However, investors and policymakers have shown few signs of alarm about this year’s surge in spending and debt levels. Borrowing costs of peripheral eurozone countries, such as Italy and Greece, fell to record lows recently, driven down by the ECB’s massive bond-buying programme. “It is clear that both fiscal support and monetary policy support have to remain in place far as long as necessary and ‘cliff effects’ must be avoided, “ Christine Lagarde, president of the ECB, said last month.
How time has changed over the last decade; one question remains: who is now setting the tone for the rest of Europe? Next year’s German elections may even inhibit, rather than encourage, a more aggressive national fiscal response and a more open political discussion about the future fiscal policy and architecture of Germany and Europe.
In our opinion, it’s time for German tax payers to get worried – the alarm bells are on!
The more relaxed attitude was summed up at last month meetings of the International Monetary Fund (IMF) and World Bank, where senior officials have shifted from calling for austerity to the wind by borrowing heavily to tackle the fallout from the pandemic. “First you worry about fighting the war, then you figure out how to pay for it,” and “this is war. During wars governments finance their war expenditures however they can and right now there are dire needs. The scenario we are in is not a sustainable one,” said Carmen Reinhart, chief economist of the World Bank.
The IMF last month predicted that eurozone’s government debt, having surged more than 15 percentage points from last year’s pre-Covid level, would top 100% of GDP this year and hover at a similar level in 2021.
In our opinion we witnessed the funeral of austerity last month. Those who used to worship at its altar now urge countries to throw caution to the wind. Fiscal orthodoxy, practiced over decades since the debt crisis and inflation of the 1970s and 1980s, has been replaced with fiscal activism.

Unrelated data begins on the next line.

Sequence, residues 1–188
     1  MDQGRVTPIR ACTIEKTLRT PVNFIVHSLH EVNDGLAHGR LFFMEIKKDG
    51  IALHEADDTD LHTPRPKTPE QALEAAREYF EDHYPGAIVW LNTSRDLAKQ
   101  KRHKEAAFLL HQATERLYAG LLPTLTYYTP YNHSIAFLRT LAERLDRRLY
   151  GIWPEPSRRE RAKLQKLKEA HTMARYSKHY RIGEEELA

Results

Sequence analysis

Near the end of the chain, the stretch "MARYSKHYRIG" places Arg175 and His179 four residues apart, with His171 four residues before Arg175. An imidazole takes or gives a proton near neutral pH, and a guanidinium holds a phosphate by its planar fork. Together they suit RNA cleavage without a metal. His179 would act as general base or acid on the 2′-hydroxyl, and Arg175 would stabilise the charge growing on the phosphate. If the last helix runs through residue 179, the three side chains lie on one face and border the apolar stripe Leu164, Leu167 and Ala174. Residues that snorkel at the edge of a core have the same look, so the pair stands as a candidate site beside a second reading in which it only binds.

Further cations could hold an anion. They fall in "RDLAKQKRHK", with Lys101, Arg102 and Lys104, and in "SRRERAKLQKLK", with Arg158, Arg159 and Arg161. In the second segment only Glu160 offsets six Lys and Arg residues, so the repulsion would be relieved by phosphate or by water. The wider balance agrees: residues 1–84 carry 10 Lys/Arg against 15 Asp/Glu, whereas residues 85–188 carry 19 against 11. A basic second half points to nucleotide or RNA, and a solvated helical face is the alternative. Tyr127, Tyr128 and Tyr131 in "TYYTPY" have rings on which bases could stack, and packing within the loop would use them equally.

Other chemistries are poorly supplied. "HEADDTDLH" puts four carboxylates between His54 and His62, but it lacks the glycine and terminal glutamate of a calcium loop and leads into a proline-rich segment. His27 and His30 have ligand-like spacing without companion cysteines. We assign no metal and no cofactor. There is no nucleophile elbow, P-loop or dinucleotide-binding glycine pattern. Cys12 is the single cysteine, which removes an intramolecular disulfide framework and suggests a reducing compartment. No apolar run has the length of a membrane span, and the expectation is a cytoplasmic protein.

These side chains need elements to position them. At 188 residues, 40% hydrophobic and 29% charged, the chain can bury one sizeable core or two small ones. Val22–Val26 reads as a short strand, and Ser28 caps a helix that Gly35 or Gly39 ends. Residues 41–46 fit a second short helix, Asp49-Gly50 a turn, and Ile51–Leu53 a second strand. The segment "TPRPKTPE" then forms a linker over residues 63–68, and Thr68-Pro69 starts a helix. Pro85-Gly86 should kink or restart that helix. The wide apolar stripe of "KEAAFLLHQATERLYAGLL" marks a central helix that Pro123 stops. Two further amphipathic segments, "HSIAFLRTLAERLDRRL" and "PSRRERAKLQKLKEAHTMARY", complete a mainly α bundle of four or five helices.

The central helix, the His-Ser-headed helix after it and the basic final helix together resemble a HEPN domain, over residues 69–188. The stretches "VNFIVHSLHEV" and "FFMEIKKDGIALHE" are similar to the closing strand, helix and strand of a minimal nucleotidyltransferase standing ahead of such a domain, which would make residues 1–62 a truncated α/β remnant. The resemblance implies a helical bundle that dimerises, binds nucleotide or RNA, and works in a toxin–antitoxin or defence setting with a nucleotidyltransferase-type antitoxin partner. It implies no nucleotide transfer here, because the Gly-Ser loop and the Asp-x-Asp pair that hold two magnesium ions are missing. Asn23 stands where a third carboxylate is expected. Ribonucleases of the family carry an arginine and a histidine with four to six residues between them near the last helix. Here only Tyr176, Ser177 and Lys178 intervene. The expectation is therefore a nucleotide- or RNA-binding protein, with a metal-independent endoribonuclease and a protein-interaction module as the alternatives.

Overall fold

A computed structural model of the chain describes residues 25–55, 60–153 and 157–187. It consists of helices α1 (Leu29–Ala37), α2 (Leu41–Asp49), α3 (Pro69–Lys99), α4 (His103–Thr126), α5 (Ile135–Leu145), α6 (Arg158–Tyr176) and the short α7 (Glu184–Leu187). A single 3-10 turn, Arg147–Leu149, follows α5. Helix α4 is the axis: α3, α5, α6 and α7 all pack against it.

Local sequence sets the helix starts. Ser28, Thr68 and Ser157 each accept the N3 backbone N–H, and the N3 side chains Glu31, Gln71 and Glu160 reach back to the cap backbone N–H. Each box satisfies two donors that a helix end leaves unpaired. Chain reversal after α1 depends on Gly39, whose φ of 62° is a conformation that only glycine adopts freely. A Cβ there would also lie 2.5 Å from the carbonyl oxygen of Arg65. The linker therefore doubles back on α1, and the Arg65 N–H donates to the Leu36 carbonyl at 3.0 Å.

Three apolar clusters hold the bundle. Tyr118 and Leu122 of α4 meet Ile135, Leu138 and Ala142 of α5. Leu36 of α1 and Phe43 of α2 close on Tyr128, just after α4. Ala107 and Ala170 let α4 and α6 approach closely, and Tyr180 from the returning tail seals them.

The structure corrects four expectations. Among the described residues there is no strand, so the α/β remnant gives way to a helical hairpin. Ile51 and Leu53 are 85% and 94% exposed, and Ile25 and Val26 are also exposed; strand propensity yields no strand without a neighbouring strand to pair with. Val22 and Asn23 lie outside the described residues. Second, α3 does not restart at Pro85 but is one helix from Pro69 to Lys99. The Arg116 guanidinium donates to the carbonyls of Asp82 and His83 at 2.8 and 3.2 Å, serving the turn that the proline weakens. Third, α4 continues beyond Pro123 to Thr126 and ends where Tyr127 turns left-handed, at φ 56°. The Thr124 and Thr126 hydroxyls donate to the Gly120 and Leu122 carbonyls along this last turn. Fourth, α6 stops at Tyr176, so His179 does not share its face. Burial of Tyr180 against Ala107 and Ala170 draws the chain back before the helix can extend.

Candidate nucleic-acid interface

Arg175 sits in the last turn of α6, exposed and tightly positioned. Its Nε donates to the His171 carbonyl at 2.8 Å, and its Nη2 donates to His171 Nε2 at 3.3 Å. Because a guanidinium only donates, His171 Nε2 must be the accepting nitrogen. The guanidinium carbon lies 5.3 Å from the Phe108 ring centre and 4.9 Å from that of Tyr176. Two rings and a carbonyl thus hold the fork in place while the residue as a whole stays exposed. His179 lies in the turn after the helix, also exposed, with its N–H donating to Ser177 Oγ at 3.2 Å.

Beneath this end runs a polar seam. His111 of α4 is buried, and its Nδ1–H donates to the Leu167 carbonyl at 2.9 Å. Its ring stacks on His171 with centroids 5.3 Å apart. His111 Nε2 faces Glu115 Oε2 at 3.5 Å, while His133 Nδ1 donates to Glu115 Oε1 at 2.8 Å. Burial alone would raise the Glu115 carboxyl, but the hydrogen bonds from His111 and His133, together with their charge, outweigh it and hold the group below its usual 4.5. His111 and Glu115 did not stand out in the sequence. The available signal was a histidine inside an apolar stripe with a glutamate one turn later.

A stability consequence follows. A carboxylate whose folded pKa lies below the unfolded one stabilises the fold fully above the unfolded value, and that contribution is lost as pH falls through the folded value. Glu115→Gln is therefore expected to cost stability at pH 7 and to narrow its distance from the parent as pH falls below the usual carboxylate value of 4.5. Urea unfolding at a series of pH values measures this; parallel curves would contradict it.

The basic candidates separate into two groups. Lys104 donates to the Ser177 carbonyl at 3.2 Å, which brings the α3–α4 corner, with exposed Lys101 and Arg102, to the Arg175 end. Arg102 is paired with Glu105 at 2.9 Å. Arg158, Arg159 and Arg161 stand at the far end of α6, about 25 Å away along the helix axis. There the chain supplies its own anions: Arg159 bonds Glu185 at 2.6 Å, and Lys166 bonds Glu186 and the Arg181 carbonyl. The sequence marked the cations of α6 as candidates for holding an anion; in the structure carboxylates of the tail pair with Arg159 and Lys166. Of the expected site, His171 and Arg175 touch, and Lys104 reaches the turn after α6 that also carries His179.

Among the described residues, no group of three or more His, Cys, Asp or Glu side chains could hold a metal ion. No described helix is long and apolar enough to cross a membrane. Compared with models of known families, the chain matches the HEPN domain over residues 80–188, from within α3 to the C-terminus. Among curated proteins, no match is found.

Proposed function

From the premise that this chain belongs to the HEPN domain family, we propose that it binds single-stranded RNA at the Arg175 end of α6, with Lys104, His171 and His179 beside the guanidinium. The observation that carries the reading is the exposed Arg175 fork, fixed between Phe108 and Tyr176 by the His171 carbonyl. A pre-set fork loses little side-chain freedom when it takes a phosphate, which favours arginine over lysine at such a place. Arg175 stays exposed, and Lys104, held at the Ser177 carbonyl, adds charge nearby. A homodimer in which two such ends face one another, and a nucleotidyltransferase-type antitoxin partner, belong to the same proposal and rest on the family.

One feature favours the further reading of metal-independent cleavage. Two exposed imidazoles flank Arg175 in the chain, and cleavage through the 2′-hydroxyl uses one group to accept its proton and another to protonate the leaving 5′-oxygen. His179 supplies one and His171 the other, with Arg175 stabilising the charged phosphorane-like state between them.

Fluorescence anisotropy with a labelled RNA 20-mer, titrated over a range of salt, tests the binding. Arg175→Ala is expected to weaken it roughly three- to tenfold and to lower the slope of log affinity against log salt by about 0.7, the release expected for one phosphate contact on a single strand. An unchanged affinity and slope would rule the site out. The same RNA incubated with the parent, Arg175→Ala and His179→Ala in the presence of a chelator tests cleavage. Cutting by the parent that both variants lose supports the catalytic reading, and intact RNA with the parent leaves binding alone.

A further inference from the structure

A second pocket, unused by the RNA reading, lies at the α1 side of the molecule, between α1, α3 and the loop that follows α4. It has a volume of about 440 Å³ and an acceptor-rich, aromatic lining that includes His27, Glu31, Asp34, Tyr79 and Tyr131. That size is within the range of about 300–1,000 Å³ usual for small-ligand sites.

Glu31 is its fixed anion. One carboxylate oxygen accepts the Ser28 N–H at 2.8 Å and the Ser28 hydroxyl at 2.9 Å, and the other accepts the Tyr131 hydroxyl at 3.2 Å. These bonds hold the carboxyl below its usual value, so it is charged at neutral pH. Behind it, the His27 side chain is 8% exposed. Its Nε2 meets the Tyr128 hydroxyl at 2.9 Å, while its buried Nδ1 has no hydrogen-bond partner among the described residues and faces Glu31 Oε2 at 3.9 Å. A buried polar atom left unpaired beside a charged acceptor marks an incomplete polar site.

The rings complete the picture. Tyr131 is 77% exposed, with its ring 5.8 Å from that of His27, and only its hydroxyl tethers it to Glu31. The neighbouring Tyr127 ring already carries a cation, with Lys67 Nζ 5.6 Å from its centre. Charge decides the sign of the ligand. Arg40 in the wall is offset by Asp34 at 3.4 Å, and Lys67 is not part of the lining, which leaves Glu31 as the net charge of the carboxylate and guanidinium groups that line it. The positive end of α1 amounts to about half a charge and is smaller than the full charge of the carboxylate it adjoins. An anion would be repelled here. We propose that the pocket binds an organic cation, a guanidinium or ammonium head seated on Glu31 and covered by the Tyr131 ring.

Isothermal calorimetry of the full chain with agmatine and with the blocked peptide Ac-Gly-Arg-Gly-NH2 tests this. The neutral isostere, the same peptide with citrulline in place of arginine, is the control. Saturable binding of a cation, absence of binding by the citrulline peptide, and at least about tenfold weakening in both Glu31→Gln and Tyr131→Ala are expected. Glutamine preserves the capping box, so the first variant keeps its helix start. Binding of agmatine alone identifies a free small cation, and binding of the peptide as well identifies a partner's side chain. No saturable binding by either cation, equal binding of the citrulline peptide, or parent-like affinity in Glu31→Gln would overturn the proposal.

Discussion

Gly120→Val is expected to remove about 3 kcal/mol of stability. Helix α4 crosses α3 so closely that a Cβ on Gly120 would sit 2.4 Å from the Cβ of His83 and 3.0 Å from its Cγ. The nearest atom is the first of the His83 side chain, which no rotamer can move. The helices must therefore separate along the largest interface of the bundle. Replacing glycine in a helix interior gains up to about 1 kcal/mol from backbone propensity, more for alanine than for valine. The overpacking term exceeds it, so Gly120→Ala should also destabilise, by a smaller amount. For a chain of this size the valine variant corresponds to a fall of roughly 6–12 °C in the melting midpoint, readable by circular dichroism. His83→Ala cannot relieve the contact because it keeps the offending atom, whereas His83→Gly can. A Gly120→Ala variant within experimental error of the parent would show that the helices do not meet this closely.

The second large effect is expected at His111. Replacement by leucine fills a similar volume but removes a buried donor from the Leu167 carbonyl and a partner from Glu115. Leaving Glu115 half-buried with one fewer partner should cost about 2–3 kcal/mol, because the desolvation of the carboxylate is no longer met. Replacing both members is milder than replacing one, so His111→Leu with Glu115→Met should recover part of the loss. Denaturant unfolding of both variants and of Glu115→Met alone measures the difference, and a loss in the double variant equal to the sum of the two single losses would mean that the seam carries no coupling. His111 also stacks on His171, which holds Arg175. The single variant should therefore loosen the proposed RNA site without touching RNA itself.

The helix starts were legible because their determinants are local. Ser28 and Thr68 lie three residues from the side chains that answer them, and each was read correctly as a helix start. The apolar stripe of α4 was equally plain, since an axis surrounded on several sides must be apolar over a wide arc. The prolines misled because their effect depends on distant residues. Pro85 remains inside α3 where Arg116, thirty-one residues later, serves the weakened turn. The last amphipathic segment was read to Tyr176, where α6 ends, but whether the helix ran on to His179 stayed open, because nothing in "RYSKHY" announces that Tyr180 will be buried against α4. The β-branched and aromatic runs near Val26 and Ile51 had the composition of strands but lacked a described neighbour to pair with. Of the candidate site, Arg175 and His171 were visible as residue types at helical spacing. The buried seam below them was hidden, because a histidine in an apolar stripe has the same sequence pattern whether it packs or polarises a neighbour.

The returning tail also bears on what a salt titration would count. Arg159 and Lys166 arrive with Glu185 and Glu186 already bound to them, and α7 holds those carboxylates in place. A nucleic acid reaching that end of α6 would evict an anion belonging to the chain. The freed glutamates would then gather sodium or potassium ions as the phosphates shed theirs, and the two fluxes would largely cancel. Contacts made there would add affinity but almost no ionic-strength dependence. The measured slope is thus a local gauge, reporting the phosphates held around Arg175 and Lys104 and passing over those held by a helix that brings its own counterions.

The IMF itself warned after the global financial crisis that “many countries face large retrenchment needs going forward”, but now it tells all countries that have access to financial markets to issue debt and to spend without the prospect of austerity later.Kristalina Georgieva, head of the IMF said, “Only one thing matters – to be able to dare”.
In terms of fiscal policy, this time in our opinion really is different. The fiscal consensus that prevailed until the past few years was build on the lessons learnt internationally after the boom decades of the 1950s and 1960s. The experience was that raising or lowering taxes and changing public expenditure was too slow in most political systems to be effective in taming the economic cycle and, instead tended to amplify it. Monetary policy – set ideally by independent policymakers in central banks – took on that role.
The second part of this fiscal consensus accepted that the best policy would target longer-term stability in public finances, ensuring debt and deficits met broad rules of thumb that would almost always ensure that compliant countries would face no difficulties in financing themselves – allowing them to concentrate on improving the efficiency of their tax systems and public spending.
That consensus was still dominant at the time of the 2008-2009 crisis, culminating in the Toronto G20 summit declaration in 2010 that highlighted “the importance of sustainable public finances” and warned that “countries with serious fiscal challenges need to accelerate the pace of consolidation”. Greece, for example, had already lost at that time the confidence of its lenders.
The question now is why has the thinking changed so radically. Answers in our opinion cover three distinct categories: bitter experience of the past decade changed circumstances and raw politics.
There is little doubt that the 2010s was difficult decade for almost all economies around the world, with underlying growth considerably lower than hoped at the time of the Toronto summit. Most of this had more to do with a global fall in underlying productivity performance than with tax and public spending strategies, but even with the potential for growth lowered economic performance disappointed, largely because monetary policy did not have the ammunition to stimulate economies sufficiently.